Known to natives as food of the gods, Cupuaçu (pronounced ku-pu-ah-SU) may not be as well known in the U.S. as Açaí, but we believe its moment in the spotlight is coming up fast. The fruit is not only uniquely delicious but it also provides amazing health and skin benefits.
Many have already seen the potential of Cupuaçu: Years ago, a Japanese company tried to trademark the name of the tree and fruit so they could sell Cupuaçu as a chocolate-coffee drink throughout the world. But Brazilians weren’t exactly excited for one of their much-loved fruits to be trademarked by another country; so to honor its place in Brazilian culture—and to keep it from being trademarked—Brazil declared Cupuaçu its national fruit.
Cupuaçu trees grow really well in the northern area of the country, and native people harvest the fruit during the tropical rainy season. Cupuaçu is even easier to harvest than most Brazilian fruits due to its sheer size: When it’s ripe, the fruit falls from the tree and locals simply pick it up off the ground. Since Cupuaçu grows naturally and is harvested without any disruption to the trees, it is considered one of the most sustainable fruits in Brazil.
For centuries, Cupuaçu has been a main food source for many native groups. The fruits are about the size of melons, and their pulp is creamy white and delicious. The pulp smells incredible—like a blend of chocolate and pineapple—and you can find it added to juices, ice cream and sweets in markets across the country.
Cupuaçu not only tastes delicious; it’s also incredibly good for you. The fruit contains essential nutrients, vitamins, and is also considered 'the king of superfruits' due to its high antioxidant concentration. It is also high in plyphenols, which are micronutrients that can help prevent cancer and heart disease. Cupuaçu is said to boost your immune system, lower blood pressure, provide energy—and even increase libido!
Besides using the pulp as a nutritious and delicious source of food, locals also consider Cupuaçu seeds to be a type of cure-all. Native people have been known to chew the seeds to ease abdominal pain, and pregnant women use them to ensure a healthy baby. The seeds are also said to help newlyweds conceive—so maybe there is something to the whole libido rumor!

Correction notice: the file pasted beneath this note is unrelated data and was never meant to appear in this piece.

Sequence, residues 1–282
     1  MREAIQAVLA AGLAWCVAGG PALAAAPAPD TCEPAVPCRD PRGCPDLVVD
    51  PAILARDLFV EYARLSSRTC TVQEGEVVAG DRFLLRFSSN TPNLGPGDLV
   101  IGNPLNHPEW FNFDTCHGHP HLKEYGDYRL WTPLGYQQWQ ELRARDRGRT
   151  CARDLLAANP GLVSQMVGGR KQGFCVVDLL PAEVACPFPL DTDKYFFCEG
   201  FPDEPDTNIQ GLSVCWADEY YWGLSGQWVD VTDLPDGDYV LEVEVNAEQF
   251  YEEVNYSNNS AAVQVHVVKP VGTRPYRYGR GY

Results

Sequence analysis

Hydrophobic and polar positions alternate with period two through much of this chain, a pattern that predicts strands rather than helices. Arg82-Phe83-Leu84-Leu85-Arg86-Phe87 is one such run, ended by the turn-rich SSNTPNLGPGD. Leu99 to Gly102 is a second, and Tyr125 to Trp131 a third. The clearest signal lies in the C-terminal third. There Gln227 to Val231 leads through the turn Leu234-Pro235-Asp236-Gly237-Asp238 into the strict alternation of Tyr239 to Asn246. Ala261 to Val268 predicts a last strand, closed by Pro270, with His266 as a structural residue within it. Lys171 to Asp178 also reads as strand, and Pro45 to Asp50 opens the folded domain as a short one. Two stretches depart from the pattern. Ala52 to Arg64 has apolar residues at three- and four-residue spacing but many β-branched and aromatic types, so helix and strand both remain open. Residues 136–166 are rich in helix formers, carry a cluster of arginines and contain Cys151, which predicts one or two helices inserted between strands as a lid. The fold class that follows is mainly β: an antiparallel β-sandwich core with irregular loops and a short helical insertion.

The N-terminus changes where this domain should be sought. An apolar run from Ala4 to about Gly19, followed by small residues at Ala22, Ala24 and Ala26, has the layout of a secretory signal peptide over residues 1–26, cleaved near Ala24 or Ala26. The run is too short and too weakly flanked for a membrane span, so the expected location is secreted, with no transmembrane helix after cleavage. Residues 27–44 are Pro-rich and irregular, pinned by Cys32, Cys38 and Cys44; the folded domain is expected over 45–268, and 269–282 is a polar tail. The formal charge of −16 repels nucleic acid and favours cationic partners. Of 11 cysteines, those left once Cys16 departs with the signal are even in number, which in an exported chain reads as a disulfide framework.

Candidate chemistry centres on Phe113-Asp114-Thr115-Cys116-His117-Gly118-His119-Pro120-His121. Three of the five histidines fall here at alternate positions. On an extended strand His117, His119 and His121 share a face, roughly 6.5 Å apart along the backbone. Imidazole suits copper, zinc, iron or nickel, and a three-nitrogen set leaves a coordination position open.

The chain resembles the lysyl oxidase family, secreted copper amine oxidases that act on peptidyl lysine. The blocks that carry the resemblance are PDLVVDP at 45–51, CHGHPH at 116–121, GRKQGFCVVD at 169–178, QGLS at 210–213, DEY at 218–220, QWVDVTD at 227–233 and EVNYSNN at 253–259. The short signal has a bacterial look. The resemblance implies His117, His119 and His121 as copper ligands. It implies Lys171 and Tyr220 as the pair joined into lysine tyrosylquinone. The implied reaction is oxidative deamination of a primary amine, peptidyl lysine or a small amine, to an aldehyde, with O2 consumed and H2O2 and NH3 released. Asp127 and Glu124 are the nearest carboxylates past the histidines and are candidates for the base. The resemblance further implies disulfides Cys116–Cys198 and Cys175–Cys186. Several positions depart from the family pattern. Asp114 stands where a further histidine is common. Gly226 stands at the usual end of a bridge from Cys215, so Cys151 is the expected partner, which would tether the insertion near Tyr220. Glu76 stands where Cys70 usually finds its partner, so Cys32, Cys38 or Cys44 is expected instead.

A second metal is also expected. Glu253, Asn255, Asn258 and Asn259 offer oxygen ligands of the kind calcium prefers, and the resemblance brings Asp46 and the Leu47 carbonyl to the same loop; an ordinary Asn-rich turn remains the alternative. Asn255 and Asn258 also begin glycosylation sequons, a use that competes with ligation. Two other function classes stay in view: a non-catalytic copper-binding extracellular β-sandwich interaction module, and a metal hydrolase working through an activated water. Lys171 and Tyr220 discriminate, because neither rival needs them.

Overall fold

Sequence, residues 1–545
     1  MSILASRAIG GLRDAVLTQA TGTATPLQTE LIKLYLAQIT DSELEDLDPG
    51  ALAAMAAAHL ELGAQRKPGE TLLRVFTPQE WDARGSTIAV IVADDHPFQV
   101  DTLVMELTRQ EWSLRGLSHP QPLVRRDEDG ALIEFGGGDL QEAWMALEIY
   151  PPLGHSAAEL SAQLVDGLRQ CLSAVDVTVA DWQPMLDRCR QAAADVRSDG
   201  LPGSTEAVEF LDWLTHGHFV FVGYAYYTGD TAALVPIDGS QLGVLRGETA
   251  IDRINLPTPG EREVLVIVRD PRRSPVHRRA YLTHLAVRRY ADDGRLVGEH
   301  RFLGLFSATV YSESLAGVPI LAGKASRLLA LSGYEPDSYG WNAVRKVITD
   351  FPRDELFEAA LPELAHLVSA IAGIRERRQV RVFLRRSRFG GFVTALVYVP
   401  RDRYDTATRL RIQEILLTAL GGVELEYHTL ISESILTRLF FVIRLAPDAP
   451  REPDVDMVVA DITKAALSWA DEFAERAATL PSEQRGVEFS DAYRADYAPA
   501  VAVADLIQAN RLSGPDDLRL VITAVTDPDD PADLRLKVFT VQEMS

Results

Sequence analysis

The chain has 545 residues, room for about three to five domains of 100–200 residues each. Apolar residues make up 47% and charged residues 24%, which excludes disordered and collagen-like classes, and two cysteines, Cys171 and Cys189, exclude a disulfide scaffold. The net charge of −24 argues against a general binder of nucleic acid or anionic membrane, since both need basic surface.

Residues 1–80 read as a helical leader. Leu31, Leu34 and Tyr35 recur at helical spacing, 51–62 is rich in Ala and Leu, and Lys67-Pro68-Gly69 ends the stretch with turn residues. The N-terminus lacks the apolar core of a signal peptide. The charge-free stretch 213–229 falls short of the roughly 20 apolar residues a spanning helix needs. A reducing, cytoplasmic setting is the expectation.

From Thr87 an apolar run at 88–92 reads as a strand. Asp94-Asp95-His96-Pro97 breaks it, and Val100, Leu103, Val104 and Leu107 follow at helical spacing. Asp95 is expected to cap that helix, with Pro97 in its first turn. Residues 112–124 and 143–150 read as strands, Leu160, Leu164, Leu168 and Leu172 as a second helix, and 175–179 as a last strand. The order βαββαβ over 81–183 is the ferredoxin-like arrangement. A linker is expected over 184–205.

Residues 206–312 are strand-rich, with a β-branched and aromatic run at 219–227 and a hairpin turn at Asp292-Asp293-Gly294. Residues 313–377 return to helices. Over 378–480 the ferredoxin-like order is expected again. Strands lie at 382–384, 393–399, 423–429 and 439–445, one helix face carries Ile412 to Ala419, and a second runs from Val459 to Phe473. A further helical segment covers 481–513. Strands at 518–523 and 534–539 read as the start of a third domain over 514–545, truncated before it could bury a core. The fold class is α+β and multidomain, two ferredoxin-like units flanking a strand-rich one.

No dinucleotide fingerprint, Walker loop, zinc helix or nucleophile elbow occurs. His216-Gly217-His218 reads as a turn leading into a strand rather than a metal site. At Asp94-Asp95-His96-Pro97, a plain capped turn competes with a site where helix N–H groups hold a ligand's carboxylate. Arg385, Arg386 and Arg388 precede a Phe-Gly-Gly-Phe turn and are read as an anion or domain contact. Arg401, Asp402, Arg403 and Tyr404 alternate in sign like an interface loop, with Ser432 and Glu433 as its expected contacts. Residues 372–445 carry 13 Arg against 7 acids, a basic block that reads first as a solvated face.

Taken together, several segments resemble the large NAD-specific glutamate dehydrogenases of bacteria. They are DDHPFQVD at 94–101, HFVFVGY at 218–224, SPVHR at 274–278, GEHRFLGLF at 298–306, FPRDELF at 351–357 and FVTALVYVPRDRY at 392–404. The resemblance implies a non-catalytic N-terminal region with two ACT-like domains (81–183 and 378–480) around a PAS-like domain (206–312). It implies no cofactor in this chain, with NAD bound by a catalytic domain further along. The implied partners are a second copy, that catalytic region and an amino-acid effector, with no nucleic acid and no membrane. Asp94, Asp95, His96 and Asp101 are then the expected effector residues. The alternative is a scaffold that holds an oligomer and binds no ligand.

Cupuaçu is from the Cocoa family and therefore a cousin to Chocolate and Cocoa butter, and like Cocoa its oil is incredibly rich and moisturizing. In northern Brazil, locals cold-press Cupuaçu seeds to harvest their oil, which is then used to create a soft, thick butter. At Teadora we love Cupuaçu because the amount of moisture it provides in skincare formulas is unmatched. In fact, one study found that it provided more than 200 percent more moisture than ingredients like Lanolin and Shea butters. Other studies have shown that Cupuaçu butter can keep skin moisturized for up to eight hours after application, and help increase your skin’s moisture overall.
As one of nature’s most powerful moisturizers, Cupuaçu is an ideal fit for skincare products. You won’t believe how well it helps to rejuvenate cells, improve elasticity, and smooth and soften your skin, making it look refreshed and youthful. Cupuaçu butter can be used in creams and lotions, lipsticks, deodorants, sunscreens, pomades and baby products. It’s also fantastic for hair care products, giving your locks extra moisture and shine. It’s also great for beard butters!
Although Cupuaçu hasn’t yet become as mainstream Açaí, we know that it’s only a matter of time before this incredibly beneficial and sustainable fruit is making headlines around the world. For now, it’s one of our little “best kept secrets” and we’re already use it as a key ingredient in lip, body and hair products. Try it for yourself today! Click here to shop Teadora Cupuaçu infused products.
*For those of you with sensitive skin, it is important to note that Teadora uses NO synthetic fragrances. Teadora also uses only organic Cupuaçu Butter and Extracts sustainably harvested under the strictest guidelines to ensure the highest quality, conservation progress, and local community economic development.